Component Cooking

Component Cooking

Donna Hayek, RD


Component cooking is sort of like meal prep, but BETTER! With meal prep, meals are prepared on the weekends for the work week ahead. Some people tend to get tired of the same meals every single day and sometimes there is often a decline in the quality of the meal by the end of the week. For example, vegetables can become soggy and grilled meats don’t taste the same. 

Two main advantages of component cooking are that it is creative and convenient. It involves preparing the different recipe elements, which can be combined in a variety of ways. This will boost the flavor of the dish and decreases cooking time. Component cooking is used by chefs, food bloggers, and registered dietitians. For example, chefs use component cooking in their restaurants to get your meal out to you faster.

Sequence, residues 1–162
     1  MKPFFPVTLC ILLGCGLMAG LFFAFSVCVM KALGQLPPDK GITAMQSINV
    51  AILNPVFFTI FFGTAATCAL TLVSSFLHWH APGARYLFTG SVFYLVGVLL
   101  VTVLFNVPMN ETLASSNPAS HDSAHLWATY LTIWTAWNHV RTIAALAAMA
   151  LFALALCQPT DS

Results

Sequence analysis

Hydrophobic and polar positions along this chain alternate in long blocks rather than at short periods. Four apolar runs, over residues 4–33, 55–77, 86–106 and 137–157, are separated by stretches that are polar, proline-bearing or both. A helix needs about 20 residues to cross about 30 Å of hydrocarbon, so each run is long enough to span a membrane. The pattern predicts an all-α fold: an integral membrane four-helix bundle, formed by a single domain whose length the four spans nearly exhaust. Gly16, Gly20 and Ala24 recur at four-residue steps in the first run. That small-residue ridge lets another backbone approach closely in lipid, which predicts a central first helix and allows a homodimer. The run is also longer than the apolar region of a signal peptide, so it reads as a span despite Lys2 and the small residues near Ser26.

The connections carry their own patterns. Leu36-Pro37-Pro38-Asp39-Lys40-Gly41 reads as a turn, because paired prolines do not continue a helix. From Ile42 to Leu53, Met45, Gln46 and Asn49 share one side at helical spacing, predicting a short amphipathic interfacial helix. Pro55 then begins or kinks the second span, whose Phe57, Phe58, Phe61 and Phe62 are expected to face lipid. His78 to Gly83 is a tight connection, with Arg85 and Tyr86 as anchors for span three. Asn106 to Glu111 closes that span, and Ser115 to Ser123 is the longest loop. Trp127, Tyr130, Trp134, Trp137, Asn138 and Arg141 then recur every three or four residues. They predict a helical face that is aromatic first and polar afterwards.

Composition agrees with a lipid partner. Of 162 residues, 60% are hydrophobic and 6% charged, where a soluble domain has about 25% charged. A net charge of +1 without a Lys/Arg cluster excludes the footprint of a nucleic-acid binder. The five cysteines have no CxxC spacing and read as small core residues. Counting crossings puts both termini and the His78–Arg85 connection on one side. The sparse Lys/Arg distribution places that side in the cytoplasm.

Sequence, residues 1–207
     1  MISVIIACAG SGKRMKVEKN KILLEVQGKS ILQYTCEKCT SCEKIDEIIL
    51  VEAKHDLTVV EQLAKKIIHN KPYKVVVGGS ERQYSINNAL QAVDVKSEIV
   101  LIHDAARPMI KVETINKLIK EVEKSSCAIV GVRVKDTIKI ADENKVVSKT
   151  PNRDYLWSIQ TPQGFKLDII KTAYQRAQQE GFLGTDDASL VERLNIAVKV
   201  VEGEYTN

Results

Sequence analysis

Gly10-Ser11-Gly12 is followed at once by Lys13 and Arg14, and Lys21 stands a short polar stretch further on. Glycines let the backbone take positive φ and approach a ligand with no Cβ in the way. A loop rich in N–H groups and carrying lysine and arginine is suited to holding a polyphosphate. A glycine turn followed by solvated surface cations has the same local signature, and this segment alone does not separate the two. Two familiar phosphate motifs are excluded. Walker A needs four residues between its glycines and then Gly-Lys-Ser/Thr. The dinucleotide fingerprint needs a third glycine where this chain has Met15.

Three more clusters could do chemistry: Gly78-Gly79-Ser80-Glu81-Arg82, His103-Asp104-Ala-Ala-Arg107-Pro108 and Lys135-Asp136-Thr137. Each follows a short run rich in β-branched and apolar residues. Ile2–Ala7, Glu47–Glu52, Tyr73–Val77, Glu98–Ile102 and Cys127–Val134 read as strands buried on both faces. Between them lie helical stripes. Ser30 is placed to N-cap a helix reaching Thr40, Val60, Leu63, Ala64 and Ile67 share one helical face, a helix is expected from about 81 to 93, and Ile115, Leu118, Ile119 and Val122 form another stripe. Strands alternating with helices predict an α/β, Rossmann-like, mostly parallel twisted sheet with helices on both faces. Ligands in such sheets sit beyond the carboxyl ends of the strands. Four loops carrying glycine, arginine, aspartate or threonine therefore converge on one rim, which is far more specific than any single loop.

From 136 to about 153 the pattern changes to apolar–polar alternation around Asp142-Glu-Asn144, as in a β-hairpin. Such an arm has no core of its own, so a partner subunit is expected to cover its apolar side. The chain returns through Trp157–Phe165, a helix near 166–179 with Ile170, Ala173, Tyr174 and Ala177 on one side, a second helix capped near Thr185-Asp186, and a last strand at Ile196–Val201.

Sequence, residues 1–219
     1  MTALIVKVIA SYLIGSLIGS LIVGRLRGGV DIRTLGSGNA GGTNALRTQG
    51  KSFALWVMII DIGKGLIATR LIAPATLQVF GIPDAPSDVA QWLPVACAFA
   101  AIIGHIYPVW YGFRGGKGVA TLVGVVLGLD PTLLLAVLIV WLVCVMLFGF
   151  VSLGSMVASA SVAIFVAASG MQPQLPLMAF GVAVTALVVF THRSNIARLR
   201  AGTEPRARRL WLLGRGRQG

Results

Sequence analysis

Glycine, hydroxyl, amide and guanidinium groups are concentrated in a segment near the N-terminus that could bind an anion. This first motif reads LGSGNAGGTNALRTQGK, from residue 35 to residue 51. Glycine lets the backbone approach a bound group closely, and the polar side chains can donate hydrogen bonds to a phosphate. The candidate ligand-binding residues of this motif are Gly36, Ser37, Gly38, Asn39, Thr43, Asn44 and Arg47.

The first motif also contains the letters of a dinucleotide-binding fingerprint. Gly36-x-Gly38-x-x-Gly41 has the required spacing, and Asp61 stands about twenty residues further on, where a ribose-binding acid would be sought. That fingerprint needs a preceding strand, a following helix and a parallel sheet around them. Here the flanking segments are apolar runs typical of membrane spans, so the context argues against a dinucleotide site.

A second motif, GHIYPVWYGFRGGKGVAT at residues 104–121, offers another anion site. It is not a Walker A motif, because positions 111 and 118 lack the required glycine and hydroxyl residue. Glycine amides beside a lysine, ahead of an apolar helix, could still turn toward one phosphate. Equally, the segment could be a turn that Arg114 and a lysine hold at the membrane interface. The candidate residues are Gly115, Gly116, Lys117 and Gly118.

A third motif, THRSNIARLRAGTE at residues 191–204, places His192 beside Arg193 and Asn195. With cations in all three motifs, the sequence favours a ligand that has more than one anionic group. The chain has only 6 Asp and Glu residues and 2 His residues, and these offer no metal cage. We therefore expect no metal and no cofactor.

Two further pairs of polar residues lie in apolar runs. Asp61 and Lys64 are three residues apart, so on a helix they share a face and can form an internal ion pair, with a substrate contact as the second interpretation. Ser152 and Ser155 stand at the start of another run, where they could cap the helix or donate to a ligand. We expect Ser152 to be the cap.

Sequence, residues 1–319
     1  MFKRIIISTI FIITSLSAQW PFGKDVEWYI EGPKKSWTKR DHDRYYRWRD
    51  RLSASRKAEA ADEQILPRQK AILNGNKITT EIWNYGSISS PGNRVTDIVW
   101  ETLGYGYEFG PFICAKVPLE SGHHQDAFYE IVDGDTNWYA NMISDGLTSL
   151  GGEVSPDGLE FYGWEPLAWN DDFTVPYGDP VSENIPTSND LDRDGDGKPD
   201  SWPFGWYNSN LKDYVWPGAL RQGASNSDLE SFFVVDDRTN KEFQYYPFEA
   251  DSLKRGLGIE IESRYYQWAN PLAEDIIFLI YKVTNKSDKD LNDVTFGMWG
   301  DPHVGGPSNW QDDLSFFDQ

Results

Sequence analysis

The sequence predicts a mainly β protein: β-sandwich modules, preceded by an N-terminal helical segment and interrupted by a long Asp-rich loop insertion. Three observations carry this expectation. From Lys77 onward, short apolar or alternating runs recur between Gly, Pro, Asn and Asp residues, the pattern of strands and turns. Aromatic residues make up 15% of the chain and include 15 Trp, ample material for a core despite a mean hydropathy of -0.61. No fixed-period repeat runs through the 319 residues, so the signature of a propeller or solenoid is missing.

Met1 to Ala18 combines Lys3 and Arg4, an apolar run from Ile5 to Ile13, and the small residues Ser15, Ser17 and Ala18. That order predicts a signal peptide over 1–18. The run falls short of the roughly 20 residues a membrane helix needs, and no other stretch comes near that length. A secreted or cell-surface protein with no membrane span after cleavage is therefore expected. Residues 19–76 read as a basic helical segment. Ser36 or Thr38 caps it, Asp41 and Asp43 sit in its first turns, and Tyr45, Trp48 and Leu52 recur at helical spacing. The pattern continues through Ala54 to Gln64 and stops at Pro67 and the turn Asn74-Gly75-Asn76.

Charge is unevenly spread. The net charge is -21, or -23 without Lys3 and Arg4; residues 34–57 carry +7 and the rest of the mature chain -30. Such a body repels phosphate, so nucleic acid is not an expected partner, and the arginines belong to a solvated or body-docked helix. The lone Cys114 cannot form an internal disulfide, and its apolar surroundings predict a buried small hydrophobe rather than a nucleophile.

First, you want to make sure you have each food group included so the meals are balanced and keep you full.  This can be 2-3 proteins, 1-2 whole grains and 3-4 vegetables. For each meal, one from each of the above groups are represented. Then add a fat source; like a sauce or an avocado. Some examples are listed below:

Sauces (pesto, tomato, peanut)

  •  salad dressing
  •  warm pasta
  •  cold pasta salad
  •  sandwiches
  • roasted vegetables
  • yogurt
  • dip



  • grain bowl
  • vegetables



  • cauliflower
  • broccoli
  • carrots
  • brussels sprouts


Hard-Boiled Eggs

  • egg salad
  • deviled eggs
  • omelet
  • add to green salads



  • add to salads
  • add to wraps
  • mix with rice
  • soups
  • fritters
  • bites



  • omelets
  • sandwich
  • add to vegetables and rice
  • add to salads
  • wraps
  • pasta